You get the call, your father-in-law’s breath hitching on the other line, and you know it’s bad news. Your mind goes to the biopsy results that were supposed to come today, but it quickly becomes clear it’s worse than you thought – no slow cancer word lurking in the shadows of your conversation, but something fast and unexpected. Trouble breathing and a call to 911. The responders at the fire station who were there in 2 minutes; the way, in the end they couldn’t save her, except maybe somehow there could be a little hope.
Across the county you make arrangements, call out of work for the week and ask your neighbor to watch the pets. At midnight your husband buys plane tickets while you fold laundry and pack suitcases. Neither of you sleeps. By 3:30 am you walk out the door.
And of course it’s not easy- you are shell-shocked and tired. You go to drop your car at the Hilton for long-term parking. Somehow the keys get locked in your car, while it’s parked there in front of the grand front doors. Your brother-in-law makes a 4 am call to Triple A. You coordinate a key hand-off with an angry valet. In the end, you make it on the plane.
As you travel it’s the small things that count- the kindness people don’t even know they are doing. The lady who switches seats with your husband so you can share a row of the airplane. The flight attendant who smiles and says he won’t charge you for the box of kids snacks. They don’t know but you hope they can feel it in your grateful smiles.
Then you land and it takes an hour to get the rental car, another three hours to make the hour-long drive home. Because of course it’s the Tuesday before Thanksgiving. Everyone is driving home to their families, too. When you stop for desperation chicken nuggets, the lady in Wendy’s gives your daughter a free toy. Another smile, another thank you. Kindness stretches as far as the line of tail lights.
And then you arrive and your parents arrive, the ones who were visiting you in Seattle, the ones who turned around and came back, too. And they watch your daughter so you can drive to the hospital. Six kids crowded in the car. Three sons and their wives. Your sister-in-law sucks in her breath as you drive past a deer. You’re glad you didn’t see.
It’s late when you arrive, so you enter the hospital a back way, walk a labyrinth you will come to memorize on your way to the ICU. Your mother-in-law is at the end of the open room, past a row of people 30 years older than her. It’s quiet. Your boots click on the floor, too loud.
And then you reach her and tell her that her children are here. Name them, one by one. Later, your father-in-law will thank you for the prayer he thinks you said. You correct him, and realize maybe it was a kind of prayer after all. Names and faces, tethers to the here and now.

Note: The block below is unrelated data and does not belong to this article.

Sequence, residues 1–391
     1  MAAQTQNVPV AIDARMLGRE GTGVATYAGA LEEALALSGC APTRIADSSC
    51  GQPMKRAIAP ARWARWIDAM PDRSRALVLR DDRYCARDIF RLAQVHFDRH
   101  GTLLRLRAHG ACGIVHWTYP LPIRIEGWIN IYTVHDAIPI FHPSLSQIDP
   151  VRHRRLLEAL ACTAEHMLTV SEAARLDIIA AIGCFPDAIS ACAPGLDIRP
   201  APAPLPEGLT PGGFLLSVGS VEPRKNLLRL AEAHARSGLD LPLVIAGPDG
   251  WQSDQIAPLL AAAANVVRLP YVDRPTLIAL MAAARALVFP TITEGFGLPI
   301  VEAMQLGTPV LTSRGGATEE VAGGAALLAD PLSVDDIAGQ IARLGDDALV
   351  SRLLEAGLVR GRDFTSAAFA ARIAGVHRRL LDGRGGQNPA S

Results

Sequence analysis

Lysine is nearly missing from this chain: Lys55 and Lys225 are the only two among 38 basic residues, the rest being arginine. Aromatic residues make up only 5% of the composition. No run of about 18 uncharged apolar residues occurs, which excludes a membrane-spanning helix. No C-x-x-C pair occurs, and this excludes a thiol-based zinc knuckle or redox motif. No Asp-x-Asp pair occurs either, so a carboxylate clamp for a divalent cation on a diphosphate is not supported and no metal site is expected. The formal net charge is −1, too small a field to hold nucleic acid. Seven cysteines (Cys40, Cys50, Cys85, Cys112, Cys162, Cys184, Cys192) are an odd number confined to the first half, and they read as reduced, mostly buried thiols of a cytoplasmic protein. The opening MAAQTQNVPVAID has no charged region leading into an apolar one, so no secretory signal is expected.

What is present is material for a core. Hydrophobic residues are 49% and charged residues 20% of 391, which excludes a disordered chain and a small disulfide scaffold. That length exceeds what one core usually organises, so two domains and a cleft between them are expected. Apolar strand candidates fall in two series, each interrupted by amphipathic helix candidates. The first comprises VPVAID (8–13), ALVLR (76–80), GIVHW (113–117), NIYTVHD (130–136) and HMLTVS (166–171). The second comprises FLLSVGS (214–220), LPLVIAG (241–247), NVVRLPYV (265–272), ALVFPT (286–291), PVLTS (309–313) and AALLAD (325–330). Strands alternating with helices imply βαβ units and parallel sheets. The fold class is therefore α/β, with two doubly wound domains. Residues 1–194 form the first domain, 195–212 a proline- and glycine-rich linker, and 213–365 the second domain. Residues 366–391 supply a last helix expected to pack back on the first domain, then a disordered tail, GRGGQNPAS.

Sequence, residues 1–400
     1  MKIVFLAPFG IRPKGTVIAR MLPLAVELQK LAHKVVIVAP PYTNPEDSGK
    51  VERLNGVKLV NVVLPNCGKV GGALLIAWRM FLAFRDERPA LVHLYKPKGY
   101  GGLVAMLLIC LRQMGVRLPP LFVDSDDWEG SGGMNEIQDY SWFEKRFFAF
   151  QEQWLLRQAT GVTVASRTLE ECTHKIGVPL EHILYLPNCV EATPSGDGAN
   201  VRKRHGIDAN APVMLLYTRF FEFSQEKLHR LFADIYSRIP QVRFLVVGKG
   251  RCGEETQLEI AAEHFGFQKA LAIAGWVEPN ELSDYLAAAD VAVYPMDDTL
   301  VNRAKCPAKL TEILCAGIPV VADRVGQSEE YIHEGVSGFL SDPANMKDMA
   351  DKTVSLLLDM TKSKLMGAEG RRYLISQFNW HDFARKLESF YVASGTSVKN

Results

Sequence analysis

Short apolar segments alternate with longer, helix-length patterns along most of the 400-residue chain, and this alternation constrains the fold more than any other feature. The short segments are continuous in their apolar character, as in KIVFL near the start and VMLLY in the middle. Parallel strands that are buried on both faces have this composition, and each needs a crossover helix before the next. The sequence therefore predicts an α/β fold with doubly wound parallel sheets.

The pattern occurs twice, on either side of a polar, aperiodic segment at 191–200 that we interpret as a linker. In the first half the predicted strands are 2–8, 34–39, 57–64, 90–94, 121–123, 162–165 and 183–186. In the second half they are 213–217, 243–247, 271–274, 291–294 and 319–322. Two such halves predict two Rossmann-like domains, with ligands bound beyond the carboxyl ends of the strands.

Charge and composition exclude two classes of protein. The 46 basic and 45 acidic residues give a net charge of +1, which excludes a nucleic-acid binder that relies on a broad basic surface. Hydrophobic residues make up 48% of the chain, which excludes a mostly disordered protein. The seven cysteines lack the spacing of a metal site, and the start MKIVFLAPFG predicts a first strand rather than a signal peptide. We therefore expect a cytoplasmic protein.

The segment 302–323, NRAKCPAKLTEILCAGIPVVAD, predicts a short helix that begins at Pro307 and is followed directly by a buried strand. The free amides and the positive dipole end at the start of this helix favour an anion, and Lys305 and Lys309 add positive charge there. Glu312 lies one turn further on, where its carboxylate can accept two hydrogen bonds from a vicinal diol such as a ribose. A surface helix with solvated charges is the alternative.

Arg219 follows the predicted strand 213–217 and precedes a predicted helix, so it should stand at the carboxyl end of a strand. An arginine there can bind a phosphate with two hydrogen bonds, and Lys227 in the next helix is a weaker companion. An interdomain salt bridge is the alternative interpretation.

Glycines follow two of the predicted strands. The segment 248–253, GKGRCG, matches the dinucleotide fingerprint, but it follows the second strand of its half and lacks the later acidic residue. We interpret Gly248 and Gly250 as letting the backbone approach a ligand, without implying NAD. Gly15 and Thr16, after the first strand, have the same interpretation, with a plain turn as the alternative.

You go to the side of the bed, kiss her, and hold her hand. Her skin is still warm. Her hair is perfect. But the ventilator that keeps her breathing wears away the lipstick on her mouth. You all agree that she would be angry if she knew you could see her like this.
The next morning there are tests to run, ones that hint at what you already know. You meet with a team from the organ donation center, a woman and a man who reach out with two hands to shake your own. Ones who say thank you, thank you. Who stagger you when they say 21 people a day die while waiting for a transplant. Who tell you how kind your mother-in-law is, which you already know.
At points it’s hard to connect the person in the bed to the woman who welcomed you to her family with open arms. You remember meeting her ten years ago over a plate of her famous spaghetti, the way she was so excited to hear where you were born because it meant so much to her. You remember the way she hugged you at your wedding, how she told you she always wanted a daughter and how she had one now. The way she held your daughter after she was born, how she sent your daughter frivolous dresses that were always her favorites. You’ve packed a suitcase of those dresses now; it would have made her happy to see.
On Wednesday you call the rabbi, and you hold hands around her bed while he says words that have been said a thousand times. You are here, at the verge. May you and your family be blessed, may your sadness be eased. You always cry at the religious stuff. Your tears taste like the pages of old books. That night they start to run tests and see she’s assisting her own breaths. It’s a reflex, the doctors say, to ease false hope.
So on Thursday you gather in the hospital room a final time. You put your hand on your mother-in-laws shoulder, whisper thank you’s in her ear. You count back the days and wonder if you’ve been kind enough, if there is more you could have said. You had just told her you would come home for Easter. You wipe away tears; you are here now.
They do a final test, to confirm that she’s really gone. It’s the longest eight minutes and also the fastest. In the end the doctor stands at the foot of her bed, says I’m so sorry for your loss.
And it’s strange because she’s still breathing, the ventilator and IV drips keeping her body protected to keep those precious organs safe for someone else. At Thanksgiving dinner you get a call – three people’s lives have been saved because of her gift. The tiny blessings that come from the biggest loss.
That night you toast her- red wine and bourbon and a plastic cup of apple juice. Later again with champagne poured in Dixie cups. Aloud and in your heart. Thank you, thank you. All it means and more.